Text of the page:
I'm not sure that's an accurate description of the link you just sent me to. Yes, he's using Sketch as his primary tool, because it is better, more specialized, for what he is currently doing, though he will still go back to Photoshop for things that Photoshop does better. He was also not Design Director for the New York Times, but rather for NYTimes.com.

I fear it fails to make your point, though it is quite dramatic.


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Jim Wiseman
Re: adobe expect to have halved their customer base by 2016
on Jun 20, 2013 at 8:49:36 am

How many people get the NYT on the web vs the tree kill edition? I'd say his opinion is thought out and has merit.

Jim Wiseman
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Chris Harlan
Re: adobe expect to have halved their customer base by 2016
on Jun 20, 2013 at 9:10:46 am

[Jim Wiseman] "How many people get the NYT on the web vs the tree kill edition? I'd say his opinion is thought out and has merit."

Apparently you didn't read the article, Jim. Or my comment. And, being the designer for the New York Times web site is a fine achievement. AND, I said absolutely nothing about the value of his opinion. Things are getting a little chaotic and slipshod in the shadow of everybody's anger. My point was thatI felt that Aindreas' summation of events misrepresented the article he linked to.


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Sandeep Sajeev
Re: adobe expect to have halved their customer base by 2016
on Jun 20, 2013 at 12:46:13 pm

I agree, Aindreas is getting a little carried away :) What I did find interesting in that link is the fact that an organisation of that scale is considering Pixelmator as an alternative, and that there is a sense that bloat/clunkiness is what is driving their decision making.

But this is still web design, if the Print guys start complaining, then Adobe has a problem.

As an aside, because someone asked me to keep them updated on another long-forgotten thread, I walked through the piracy street in South Mumbai yesterday, and copies of Photoshop CC, Illustrator CC and After Effects CC, are already on sale and apparently selling well.

Which means that the new pricing/distribution model is not making any difference to the piracy problem.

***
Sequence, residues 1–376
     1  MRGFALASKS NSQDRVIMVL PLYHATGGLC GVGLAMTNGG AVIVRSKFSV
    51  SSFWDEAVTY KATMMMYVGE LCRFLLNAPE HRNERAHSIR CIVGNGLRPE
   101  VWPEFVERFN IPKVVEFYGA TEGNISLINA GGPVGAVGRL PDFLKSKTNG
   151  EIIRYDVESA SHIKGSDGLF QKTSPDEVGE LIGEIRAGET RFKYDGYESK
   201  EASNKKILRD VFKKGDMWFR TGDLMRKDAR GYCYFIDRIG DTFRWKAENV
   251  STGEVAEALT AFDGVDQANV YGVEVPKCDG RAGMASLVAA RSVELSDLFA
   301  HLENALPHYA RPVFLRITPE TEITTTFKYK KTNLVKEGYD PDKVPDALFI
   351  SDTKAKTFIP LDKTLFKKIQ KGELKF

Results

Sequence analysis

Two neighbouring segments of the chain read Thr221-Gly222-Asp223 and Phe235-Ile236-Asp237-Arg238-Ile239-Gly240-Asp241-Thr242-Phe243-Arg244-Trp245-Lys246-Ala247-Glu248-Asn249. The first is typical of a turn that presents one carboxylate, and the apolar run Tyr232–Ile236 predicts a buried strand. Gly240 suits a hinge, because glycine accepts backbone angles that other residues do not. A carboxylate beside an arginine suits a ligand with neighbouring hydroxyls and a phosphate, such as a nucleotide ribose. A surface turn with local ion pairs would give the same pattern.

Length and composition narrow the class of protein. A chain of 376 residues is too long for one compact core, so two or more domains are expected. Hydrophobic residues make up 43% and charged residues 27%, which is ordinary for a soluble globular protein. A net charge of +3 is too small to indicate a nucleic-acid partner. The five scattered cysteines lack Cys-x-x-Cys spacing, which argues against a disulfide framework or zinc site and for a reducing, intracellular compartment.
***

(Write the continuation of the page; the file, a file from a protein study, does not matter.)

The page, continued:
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Chris Harlan
Re: adobe expect to have halved their customer base by 2016
on Jun 20, 2013 at 4:55:31 pm

[Sandeep Sajeev] " I walked through the piracy street in South Mumbai yesterday, and copies of Photoshop CC, Illustrator CC and After Effects CC, are already on sale and apparently selling well.

Which means that the new pricing/distribution model is not making any difference to the piracy problem.
"


Ain't that a trip.


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Jim Wiseman
Re: adobe expect to have halved their customer base by 2016
on Jun 20, 2013 at 11:29:01 pm

Could finance a trip to India. (just kidding)

Jim Wiseman
Sony PMW-EX1,Pana AJ-D810 DVCPro, DVX-100, Nikon D7000, Final Cut Studio 2 and 3, Media 100 Suite 2.1.3, Premiere Pro 5.5 and 6.0, AJA ioHD, AJA Kona LHi, Avid MC, Hexacore MacPro 3.33 Ghz 24Gb RAM GTX-285 120GB SSD, Macbook Pro 17" 2011 2.2 Ghz Quadcore i7 8Gb SSD, G5 Quadcore PCIe


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Aindreas Gallagher
Re: adobe expect to have halved their customer base by 2016
on Jun 20, 2013 at 3:12:17 pm

yes. alright there Christopher - he was the design director for the NY Times Online - but Khoi Vinh is quite an influential dude - and I don't think you're reading the article right. Let me give you some paragraphs again to read that clearly speak to his distaste for the application, and adobe's latter day approach to software:

net: What part of the Photoshop experience was frustrating you enough that you went looking for an alternative?
Khoi Vinh: There are too many to fully enumerate, but the big one is that Photoshop has never been focused on user interface design. The number of its features that are truly helpful for UX and UI designers comprise maybe twenty percent of the whole app. So to use Photoshop for this purpose is to shoulder that outstanding, largely useless eighty per cent of features. In practice, the price I pay for that is heavy, heavy downloads, frequent crashes, useless or irrelevant-to-me features constantly getting in the way, and a hefty price tag.


ok so there he is mostly saying that its bloated and not optomised for his tasks. but lets read the next one together Chris, because this is a far more expansive point about adobe and the state of most of their apps:

.net: In your blog post you've described the Sketch approach as 'un-Adobe-like'. What do you mean by this?
KV: Sketch is purpose-built for user interface design, so every feature is crafted around those ideas. It chucks out the preconceptions that decades of Adobe apps have built around… well, around Adobe itself. For the past decade-plus, Adobe has been focused on an "insurrectionist strategy," in my view. They've tried to build an OS inside my resident OS, and they've written tremendous amounts of code to do that. At the state they're at now with this approach, the justification for crafting features seems much closer to, "Well we do it this way because this is the way Adobe does things," rather than, "We do it this way because this is what the user expects."